12 June 2017
by Jesuit Refugee Service, originally posted on the Education Cannot Wait blog.
Education is a must have, not a nice to have. But globally, 75 million school-age children affected by emergencies and protracted crises are in desperate need of educational support. The situation for refugee children, who are five times more likely to be out of school than non-refugee children, is most severe. In fact, only 50 percent of refugee children have access to primary school, only 22 percent have access to secondary school, and just one percent of refugees attend university. As Education Cannot Wait celebrates its one-year anniversary, the need for education remains great.
Since our founding 37 years ago, the Jesuit Refugee Service (JRS) has worked to tackle these challenges. Now operating in more than 45 countries globally, we are rooted in the Jesuit commitment to excellence in education and offer education programs for refugees and other forcibly displaced persons both in refugee camps and in non-camp settings.
On May 24, we hosted a panel discussion on “A Crisis Unfolding: Access to Education for Refugees and the Forcibly Displaced.” Partnering with the Global Campaign for Education, JRS welcomed over 50 people to the event at the Russell Senate Office Building in Washington D.C. Our three-person panel included Dean Brooks, Director of the Inter-Agency Network for Education in Emergencies (INEE); Nina Papadopoulos, Team Lead of Education in Crisis and Conflict for USAID; and Alex Palacios, Chief of Staff for the Global Partnership for Education.
The panelists discussed the greatest challenges that they face in the field. Nina said that no two USAID education programs look the same, highlighting the need for implementation that is flexible, adaptive, and immediate. Studies have demonstrated that the longer children are out of school, the harder it is to get them back in the classroom.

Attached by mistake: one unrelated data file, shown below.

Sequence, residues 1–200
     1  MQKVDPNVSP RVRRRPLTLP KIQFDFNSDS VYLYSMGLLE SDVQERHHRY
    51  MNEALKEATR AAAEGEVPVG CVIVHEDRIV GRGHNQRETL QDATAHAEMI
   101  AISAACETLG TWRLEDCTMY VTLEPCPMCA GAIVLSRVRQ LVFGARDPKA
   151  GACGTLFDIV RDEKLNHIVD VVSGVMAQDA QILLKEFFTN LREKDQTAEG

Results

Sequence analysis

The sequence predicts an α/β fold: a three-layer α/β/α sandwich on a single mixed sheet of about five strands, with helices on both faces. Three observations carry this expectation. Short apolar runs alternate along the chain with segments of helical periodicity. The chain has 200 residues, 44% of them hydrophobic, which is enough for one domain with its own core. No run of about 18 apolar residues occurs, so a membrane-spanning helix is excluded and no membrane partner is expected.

The conversation on challenges also focused on coordinating efforts. Dean stressed coordination as one of the biggest issues for his members at INEE, a global network of UN agencies, NGOs, donors, governments, universities, schools, and affected populations. INEE works to address this problem through community building, facilitating and learning, and providing other resources. Dean called INEE a lifeline for those working in the field, one that he used himself while working in the field for over a decade. The panelists agreed that Education Cannot Wait has played an important role in coordination. Nina said that USAID sees Education Cannot Wait as a wonderful example of partnership and people “rolling up their sleeves and getting to work.”
The audience also learned about the lack of sufficient financing for education in crisis situations. Alex said that less than two percent of funds raised for humanitarian crises goes to education, creating a need that Education Cannot Wait is so crucially filling. He pointed to the recent famine in Yemen as a situation where education must be part of the humanitarian response and immediate action is necessary. Two million children are currently out of school in the country and 30,000 teachers have not been paid in the last year.
The panelists saw education as something that not only has an impact on a personal level, but also on a national level. Nina emphasized that education, if provided equitably, can lead to peace and security. Many of the communities with which USAID partners see the link between education and peacebuilding, and are prioritizing education as one of their primary goals alongside security. The panelists agreed that there is a high demand for certified, credible education in displaced communities. Dean added that access to education must be “quality, relevant, and safe.”
Many of the same challenges posed by our panelists are also outlined in JRS/USA’s latest paper, A Worthy Investment: Access to Education for Sudanese Refugees in Chad.
The UN Refugee Agency, UNHCR, estimates that the world currently faces the highest level of displaced persons since World War II. With so many children displaced by crisis, we must provide education quickly and effectively. Education Cannot Wait provides the funding for a timely response. As Dean said best during the panel, “the right to education does not cease during a crisis.”